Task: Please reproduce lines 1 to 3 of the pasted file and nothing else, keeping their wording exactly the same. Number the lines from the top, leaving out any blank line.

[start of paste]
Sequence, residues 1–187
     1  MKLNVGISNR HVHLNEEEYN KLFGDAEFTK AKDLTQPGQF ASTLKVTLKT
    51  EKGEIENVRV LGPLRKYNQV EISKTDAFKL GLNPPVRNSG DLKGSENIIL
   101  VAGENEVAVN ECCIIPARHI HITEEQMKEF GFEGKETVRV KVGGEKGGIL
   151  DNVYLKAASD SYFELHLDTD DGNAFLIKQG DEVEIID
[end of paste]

Sequence, residues 1–187
     1  MKLNVGISNR HVHLNEEEYN KLFGDAEFTK AKDLTQPGQF ASTLKVTLKT
    51  EKGEIENVRV LGPLRKYNQV EISKTDAFKL GLNPPVRNSG DLKGSENIIL